Tuesday, December 9, 2014

I’m Stuck; Let’s Take a Walk by Andy Scheer

When my wife got home from teaching, she asked how my writing day had gone.

I’d finished five of seven daily devotions. But I had no idea what I’d write for the final two.

With a few days to meet my deadline, I knew what to do. I suggested we take a walk.

As we headed on a loop that takes forty-five minutes, we discussed her day, what I’d written, and our weekend plans. Much of the time we simply walked.

All the while, my subconscious considered my writing project.

Halfway through the walk, the first concept came. I silently worked through how I’d develop the illustration and tried several lead sentences. One down, one to go.

Ten minutes later, the second idea came. I repeated the process, reviewed the earlier idea, then described them both to Carol. If the ideas were too far astray, she’d tell me. And describing them relieved my fear of forgetting before I could commit them to writing.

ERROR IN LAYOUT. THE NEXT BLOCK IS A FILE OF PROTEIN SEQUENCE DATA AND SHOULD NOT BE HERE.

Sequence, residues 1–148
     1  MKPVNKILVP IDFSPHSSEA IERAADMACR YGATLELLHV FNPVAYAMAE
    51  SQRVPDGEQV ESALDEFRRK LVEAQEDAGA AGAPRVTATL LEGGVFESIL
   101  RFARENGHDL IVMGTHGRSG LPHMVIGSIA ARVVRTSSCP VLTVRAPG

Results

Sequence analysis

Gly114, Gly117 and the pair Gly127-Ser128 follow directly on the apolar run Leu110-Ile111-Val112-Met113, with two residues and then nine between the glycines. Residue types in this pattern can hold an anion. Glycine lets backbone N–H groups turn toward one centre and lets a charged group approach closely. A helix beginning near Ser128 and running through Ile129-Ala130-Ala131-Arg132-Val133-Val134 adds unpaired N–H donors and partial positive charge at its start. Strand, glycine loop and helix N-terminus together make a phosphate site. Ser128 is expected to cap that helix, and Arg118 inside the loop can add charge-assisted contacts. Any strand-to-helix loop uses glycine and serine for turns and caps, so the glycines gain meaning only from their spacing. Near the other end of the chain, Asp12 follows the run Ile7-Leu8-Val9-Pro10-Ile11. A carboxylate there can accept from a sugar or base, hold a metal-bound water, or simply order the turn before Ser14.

A few minutes later we returned home and I headed for my computer. I’d gotten some exercise, reconnected with my spouse, and planned my next day’s writing. Pretty good for a short walk.

4 comments:

Davalyn Spencer said...

Yes - change of air, scenery, muscle movement. Great post.

Diana Flegal said...

All writers need to leave their desk from time to time. It is super that you have the terrific support of Carol to bounce things off of. You are blessed indeed.

Andy Scheer, Hartline Literary said...

Indeed. I also appreciate living in a climate conducive to walks much of the year.

pattisjarrett said...

Writers often hear of "putting one's seat in the chair," which goes a long way toward reaching a writing goal. But sometimes, the writer needs to get the seat out of the chair and do something else for awhile. A walk is a great way of clearing one's overworked mind.